Loss 0–1 James Zikic TKO (punches) Cage Fighting Championships 1: Cage Carnage July 11, 2004 N/A N/A Liverpool, England

[47]

Kickboxing record[edit]

Kickboxing record

Legend:   Win   Loss   Draw/No contest   Notes

See also[edit]

References[edit]

  1. ^ Gökhan Saki profile
  2. ^ Profile of Gokhan Saki Archived 2011-02-10 at the Wayback Machine, K-1
  3. ^ "K1 topper Gökhan The rebel Saki te gast in FunXtra!", April 3, 2009, FunX Radio (in Dutch)
  4. ^ "UFC signs kickboxing superstar Gokhan Saki".
  5. ^ a b "Exclusive Interview : Gökhan Saki", August 1, 2009, Yahoo! Korea (in Korean)
  6. ^ "Dünya Şampiyonuna adına yakışır karşılama - Spor Haber Ajansı - Kars Haber haberleri KHA - Kafkas Haber Ajansı - Kars Haberleri - Kars Haber kars haberleri kars ajans". kha.com.tr.
  7. ^ K-1's official interview[permanent dead link], September 16, 2008, K-1 (in Japanese)
  8. ^ "Interview with Gokhan Saki". Kickbox.nl. Retrieved 2008-08-11.
  9. ^ "K-1 official site | Freddy Kemayo fighter's profile". K-1. Retrieved 2010-11-14.[permanent dead link]
  10. ^ "K-1 official site | Gokhan Saki fighter's profile". K-1. Retrieved 2010-11-14.[permanent dead link]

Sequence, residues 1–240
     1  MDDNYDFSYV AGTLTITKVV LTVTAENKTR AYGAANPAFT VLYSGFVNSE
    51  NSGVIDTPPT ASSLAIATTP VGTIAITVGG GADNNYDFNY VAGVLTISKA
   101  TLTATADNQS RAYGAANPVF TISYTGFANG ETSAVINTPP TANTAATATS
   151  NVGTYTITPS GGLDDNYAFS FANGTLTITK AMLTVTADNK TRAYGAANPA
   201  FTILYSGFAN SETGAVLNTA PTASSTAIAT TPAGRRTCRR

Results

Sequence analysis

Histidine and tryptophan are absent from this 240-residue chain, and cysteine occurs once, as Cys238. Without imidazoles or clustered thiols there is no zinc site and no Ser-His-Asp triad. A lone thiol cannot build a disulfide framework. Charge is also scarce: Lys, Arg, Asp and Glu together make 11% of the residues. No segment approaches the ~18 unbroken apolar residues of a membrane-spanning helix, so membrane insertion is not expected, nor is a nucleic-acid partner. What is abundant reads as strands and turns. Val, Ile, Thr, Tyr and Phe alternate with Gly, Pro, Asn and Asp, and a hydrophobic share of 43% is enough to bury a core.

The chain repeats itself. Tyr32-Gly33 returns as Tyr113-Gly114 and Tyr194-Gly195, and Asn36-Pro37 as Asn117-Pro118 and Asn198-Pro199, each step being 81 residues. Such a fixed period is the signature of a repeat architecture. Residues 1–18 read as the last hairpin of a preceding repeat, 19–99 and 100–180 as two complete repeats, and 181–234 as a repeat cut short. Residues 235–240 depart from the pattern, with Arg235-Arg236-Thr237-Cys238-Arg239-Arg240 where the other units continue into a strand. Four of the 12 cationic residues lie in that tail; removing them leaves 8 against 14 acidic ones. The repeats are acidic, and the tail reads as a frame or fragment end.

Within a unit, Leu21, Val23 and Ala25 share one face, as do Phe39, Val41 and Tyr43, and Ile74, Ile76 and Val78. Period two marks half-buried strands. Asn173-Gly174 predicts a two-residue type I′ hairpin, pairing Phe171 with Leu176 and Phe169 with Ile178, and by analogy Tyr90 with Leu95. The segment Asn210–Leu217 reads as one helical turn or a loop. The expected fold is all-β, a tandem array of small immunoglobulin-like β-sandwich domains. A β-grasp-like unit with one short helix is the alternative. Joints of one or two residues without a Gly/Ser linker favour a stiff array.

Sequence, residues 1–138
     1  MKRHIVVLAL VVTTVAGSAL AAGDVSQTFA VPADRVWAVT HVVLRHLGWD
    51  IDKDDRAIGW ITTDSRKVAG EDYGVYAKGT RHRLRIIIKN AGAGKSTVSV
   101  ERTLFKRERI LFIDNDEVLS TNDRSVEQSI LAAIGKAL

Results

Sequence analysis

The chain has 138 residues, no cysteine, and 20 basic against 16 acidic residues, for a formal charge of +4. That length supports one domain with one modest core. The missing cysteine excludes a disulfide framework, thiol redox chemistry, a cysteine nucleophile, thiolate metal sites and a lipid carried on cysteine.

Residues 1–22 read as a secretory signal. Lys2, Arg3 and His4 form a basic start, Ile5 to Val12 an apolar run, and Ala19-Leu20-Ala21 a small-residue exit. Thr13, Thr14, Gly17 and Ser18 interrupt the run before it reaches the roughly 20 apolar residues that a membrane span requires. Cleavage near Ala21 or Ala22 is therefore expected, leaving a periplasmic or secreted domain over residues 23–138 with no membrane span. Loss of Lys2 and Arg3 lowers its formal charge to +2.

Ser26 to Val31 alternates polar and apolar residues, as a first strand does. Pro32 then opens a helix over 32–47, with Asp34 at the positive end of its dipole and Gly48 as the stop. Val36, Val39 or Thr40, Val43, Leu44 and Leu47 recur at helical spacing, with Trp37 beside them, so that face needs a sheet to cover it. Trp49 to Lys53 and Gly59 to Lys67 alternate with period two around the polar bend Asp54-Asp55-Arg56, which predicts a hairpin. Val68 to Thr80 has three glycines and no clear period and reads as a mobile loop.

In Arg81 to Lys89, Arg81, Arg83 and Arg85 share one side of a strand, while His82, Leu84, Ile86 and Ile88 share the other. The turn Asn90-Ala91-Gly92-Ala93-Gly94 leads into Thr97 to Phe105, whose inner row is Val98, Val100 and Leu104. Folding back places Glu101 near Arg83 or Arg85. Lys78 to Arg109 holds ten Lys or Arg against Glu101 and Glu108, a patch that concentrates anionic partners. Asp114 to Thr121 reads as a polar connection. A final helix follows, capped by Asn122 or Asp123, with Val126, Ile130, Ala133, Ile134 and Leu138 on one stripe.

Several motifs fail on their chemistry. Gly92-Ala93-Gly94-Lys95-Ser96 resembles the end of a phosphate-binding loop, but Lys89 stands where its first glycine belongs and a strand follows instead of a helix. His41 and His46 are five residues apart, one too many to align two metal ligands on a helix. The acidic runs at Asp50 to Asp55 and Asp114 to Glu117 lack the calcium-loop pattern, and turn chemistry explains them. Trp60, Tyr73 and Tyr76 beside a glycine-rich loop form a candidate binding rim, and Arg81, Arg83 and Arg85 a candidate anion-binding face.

11. ^ "K-1 official site | Final 16 – A Changing of the Guard". K-1. Archived from the original on 2010-10-05. Retrieved 2010-11-14.
  12. ^ "K-1 official site | K-1 World Grand Prix: The Stage is Set". K-1. Archived from the original on 2010-10-07. Retrieved 2010-11-14.
  13. ^ "K-1 WGP 2010: A Monster Crowned" Archived 2011-01-11 at the Wayback Machine by Stuart Tonkin, December 11, 2010, K-1
  14. ^ Walsh, Dave. (2012-01-28) Badr Hari drops Gökhan Saki three times in an impressive performance at It's Showtime 55. Liverkick.com. Retrieved on 2012-06-03.
  15. ^ Badr Hari Retires, Daniel Ghita the Man to Beat at Heavyweight. Liverkick.com. Retrieved on 2012-06-03.
  16. ^ Dave Walsh. "LiverKick Talks With Glory's Gokhan Saki". liverkick.com.